A Good Blog is…

Ken Smith from Weblogs in Higher Education has a good post where he attempts to describe a ‘good blog’ – he writes:

‘A good blog has a focus, a field or topic where the writer keeps up with what’s being said. The writer attends with interest to the work being done by others, and the writer’s thinking is provoked and advanced by the particulars of the work others are doing. The writer is generous with others, responding to their work and risking and sharing ideas with them in return. These values imply character on the part of the writer; anyone who writes seriously — has the character to keep at it — will develop a voice or style appropriate for the subject matter. This voice implies the writer’s character.’

I like what he’s included in this statement – it resonates with me on lots of levels. Particularly this statement about the ‘generosity with others’ and ‘risking and sharing ideas’ with others fits in nicely with my current series on relational blogging.

How would you define a good blog?

Blogging in Formation – Lessons from a Goose


“Two Heads are better than one”…. or so the old saying goes.

I’ve been reflecting this week about the importance of relationships in blogging.

I met up with an old university friend this week for the first time since we studied marketing together – catching up stimulated me to begin thinking about the style of business we were taught. Whilst its a little fuzzy (we did spend a bit too much time in the pub) I do seem to remember sitting through lecturers that talked about competition and the ways to ‘beat your competitors’. The main thrust of a lot of what we were taught was to get ahead of the competition by developing the best products, getting the best people and accumulating the best information. The only interaction you’d have with competitors was when you were laying the boot into them (figuratively speaking). The motto was to win at all costs – me first – others second.

Blogging has reminded me of another way of doing business – an ancient way of actually connecting with others in your field and working together for the mutual good of both parties.

One of the biggest lessons I’ve learned from blogging over the past year is that often its when I give something away that I gain the most. It is when I’ve linked to others, provided a way of highlighting the projects of fellow bloggers, when I’ve spent a couple of hours giving free advice to a new blogger or when I’ve shared my biggest secrets – these are the moments that often I end up in a time of real growth on my blogs.

A wise guy once said – ‘Two people can accomplish more than twice as much as one; they get a better return for their labor.’

Warning: Tangent Ahead – Lessons from a Goose

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Blogging and the Art Time Management

Define Blog has a good post on Managing Your Time as a blogger of multiple blogs:

‘If you run several blogs managing your time is highly important. Ideally we would like to take the hours we are awake, divide it by the number of blogs we have and have that be the total amount of time we spend on each one. But this is an impossibility. Do you have a job, do you have friends and family, do you enjoy eating? There are a lot of factors that keep us from working as much as we would like to on our blogs; so finding an effective way to manage your time and input on it is vital….’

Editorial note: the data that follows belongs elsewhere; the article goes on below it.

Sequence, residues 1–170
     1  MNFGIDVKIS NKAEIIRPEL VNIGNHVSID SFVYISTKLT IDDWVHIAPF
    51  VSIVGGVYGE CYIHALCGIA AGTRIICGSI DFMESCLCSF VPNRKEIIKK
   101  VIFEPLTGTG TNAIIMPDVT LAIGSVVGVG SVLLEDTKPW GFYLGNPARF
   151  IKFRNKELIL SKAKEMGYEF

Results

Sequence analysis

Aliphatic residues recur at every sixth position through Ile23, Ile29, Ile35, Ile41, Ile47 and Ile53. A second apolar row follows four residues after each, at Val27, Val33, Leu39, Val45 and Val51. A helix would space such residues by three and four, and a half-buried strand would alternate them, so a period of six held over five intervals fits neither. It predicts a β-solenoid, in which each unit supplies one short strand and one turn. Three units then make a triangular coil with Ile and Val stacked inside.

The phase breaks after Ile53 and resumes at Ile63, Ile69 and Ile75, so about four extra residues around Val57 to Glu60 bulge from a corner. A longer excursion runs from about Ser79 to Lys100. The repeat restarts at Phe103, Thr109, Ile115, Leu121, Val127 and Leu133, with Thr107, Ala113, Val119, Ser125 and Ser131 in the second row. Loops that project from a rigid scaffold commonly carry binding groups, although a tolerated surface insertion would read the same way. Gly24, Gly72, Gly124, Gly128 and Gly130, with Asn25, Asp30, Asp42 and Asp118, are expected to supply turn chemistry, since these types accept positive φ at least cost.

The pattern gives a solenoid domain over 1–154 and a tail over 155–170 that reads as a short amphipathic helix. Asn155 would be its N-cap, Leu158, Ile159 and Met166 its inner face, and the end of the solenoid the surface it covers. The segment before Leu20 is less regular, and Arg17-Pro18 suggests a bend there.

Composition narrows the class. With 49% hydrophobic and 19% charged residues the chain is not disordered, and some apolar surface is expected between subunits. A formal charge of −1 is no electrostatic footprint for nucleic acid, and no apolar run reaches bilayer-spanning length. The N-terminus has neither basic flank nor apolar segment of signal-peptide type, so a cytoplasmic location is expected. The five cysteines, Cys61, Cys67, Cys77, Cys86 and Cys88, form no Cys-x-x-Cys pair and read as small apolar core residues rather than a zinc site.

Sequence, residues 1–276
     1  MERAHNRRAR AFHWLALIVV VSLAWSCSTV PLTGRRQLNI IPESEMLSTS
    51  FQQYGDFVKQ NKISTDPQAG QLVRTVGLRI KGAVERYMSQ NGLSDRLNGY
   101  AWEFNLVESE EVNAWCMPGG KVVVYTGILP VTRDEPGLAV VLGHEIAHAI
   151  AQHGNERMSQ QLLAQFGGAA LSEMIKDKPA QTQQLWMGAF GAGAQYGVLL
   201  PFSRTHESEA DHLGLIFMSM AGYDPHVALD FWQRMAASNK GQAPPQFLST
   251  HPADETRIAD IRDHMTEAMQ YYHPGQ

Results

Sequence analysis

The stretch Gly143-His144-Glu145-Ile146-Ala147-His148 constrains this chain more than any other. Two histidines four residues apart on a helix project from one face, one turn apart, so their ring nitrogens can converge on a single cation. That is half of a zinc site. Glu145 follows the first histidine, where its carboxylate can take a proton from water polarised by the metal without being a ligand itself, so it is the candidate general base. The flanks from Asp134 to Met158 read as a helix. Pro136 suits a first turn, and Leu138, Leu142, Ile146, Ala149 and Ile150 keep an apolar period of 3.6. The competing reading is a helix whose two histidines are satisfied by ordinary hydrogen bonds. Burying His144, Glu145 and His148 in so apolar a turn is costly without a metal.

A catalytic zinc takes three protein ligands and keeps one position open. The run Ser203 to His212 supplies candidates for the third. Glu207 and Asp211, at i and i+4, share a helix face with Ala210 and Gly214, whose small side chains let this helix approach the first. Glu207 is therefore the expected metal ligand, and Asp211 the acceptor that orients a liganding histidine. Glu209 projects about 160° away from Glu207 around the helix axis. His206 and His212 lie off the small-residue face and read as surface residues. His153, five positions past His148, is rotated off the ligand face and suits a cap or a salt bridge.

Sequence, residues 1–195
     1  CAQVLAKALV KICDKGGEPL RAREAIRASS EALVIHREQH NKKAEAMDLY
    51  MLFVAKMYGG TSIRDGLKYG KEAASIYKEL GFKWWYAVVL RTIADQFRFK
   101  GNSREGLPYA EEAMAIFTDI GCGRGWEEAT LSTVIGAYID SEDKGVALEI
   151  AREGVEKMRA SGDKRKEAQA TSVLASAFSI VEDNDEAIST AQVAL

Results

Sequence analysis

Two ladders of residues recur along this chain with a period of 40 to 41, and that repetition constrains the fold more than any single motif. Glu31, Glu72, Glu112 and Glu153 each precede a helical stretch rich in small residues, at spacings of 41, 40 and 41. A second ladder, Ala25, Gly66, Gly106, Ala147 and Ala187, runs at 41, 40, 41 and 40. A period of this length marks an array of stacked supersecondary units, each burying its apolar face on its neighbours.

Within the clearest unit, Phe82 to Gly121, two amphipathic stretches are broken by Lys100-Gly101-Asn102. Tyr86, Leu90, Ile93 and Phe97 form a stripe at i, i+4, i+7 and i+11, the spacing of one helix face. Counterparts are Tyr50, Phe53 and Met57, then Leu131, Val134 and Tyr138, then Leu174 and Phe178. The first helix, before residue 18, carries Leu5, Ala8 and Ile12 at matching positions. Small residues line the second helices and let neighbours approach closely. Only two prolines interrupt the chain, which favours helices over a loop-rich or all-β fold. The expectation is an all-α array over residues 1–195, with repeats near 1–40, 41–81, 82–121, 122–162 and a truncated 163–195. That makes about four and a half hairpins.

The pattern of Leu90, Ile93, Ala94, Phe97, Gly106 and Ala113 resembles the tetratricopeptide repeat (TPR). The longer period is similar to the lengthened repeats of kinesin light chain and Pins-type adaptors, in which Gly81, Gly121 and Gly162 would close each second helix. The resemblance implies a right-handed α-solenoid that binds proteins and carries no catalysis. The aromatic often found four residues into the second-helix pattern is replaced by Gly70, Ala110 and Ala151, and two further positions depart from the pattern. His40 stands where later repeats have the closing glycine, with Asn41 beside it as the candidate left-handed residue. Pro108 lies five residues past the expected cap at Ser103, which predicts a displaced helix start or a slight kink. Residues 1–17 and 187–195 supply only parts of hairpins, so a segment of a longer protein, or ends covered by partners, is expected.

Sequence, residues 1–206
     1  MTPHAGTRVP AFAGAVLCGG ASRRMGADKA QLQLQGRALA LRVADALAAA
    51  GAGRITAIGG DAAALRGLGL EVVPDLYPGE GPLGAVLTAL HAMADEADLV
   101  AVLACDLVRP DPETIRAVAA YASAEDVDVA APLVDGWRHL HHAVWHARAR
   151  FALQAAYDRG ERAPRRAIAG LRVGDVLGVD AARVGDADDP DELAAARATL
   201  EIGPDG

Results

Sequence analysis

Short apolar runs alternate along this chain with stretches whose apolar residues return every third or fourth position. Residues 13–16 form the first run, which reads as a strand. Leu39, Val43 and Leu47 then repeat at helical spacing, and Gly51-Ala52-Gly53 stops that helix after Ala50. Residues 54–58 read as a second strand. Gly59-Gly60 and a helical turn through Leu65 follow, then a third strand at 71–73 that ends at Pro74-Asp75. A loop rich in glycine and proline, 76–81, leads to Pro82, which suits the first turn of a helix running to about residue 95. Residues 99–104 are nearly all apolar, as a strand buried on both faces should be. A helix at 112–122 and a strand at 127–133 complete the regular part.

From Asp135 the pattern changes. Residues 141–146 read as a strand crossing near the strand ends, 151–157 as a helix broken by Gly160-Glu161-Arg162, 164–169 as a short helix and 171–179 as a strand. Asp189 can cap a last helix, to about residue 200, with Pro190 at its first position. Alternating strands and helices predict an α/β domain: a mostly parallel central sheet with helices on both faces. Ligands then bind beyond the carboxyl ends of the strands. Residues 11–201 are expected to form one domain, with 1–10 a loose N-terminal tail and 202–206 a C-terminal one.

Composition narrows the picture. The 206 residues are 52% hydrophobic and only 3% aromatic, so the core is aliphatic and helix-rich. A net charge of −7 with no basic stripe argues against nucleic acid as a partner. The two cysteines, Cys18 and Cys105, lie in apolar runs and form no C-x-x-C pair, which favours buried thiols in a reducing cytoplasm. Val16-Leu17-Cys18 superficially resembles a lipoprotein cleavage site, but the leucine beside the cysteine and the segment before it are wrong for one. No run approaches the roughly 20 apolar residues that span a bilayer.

I couldn’t agree more with Ryan. Time management becomes a real issue and something that can make or break an entrepreneurial blogger. It isn’t all plain sailing ad the distraction can be paralyzing. I know that there are days where I can spend hours on end doing things that are good things and even related things to blogging – but that are not blogging themselves.

I set myself a 25 posts per day goal to keep my blogs growing – but unless you have some real discipline goals like this can be easily pushed aside. The distractions can be anything from checking your stats, to IM conversations with other bloggers, to ‘tweaking’ design, to reorganizing categories to… you name it. Whilst all of these things are important to a blog – they can also take you away from your core business – providing content.

I’d be interested to hear how others manage their time? Do you have a daily rhythm that helps you stick to your goals or do you find yourself getting distracted (like me)?

The Prelaunch Success Plan for your Blog

Paul has a good post on things to consider before launching your new blog to better the chances of success for your new blog. Rather than coming up with a topic, doing a quick design and a single post before telling the world about your new blog there are a number of things that can help your chances. Like Paul, I know the temptation to rush this process (starting a new blog is fun and exciting) but its worth taking your time.

Paul breaks it down to four aspects:

  1. The Design
  2. The Content
  3. What is it?
  4. The Review

Spot on advice under each topic – check out the full article here.

Do your Blogging Goals Match Your Current Blogging Practices?

Jeremy has an interesting post over at Ensight where he looks at a recent ‘downturn’ in blogging after some of the recent controversy over character blogs.

To be honest I’ve kept out of the debate and really don’t see it as a particularly useful one (maybe I’m missing the point but I find it a bit of a bore) HOWEVER while I was reading Jeremy’s blog I was drawn to the following four questions that he has for bloggers to ask themselves:

1. Why did I get into blogging?
2. Am I still blogging for the same reason as when I started?
3. What do I want blogging to become?
4. Are my current attitudes and actions the kinds of things likely to bring about my goal for blogging?

These are some questions I’m going to ponder over the next few days – particularly the last two.

I guess at the crux of it Jeremy is asking people for their blogging goals and then challenging them to ask if their current strategy is taking them closer or further away from these goals?

Warning – Tangent Ahead….